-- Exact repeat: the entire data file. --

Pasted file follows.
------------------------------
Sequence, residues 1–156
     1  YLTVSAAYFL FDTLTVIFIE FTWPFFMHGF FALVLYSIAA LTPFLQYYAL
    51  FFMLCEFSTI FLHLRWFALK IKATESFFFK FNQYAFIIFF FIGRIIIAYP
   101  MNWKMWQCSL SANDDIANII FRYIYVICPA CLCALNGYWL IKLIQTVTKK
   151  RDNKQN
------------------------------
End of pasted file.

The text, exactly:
Sequence, residues 1–156
     1  YLTVSAAYFL FDTLTVIFIE FTWPFFMHGF FALVLYSIAA LTPFLQYYAL
    51  FFMLCEFSTI FLHLRWFALK IKATESFFFK FNQYAFIIFF FIGRIIIAYP
   101  MNWKMWQCSL SANDDIANII FRYIYVICPA CLCALNGYWL IKLIQTVTKK
   151  RDNKQN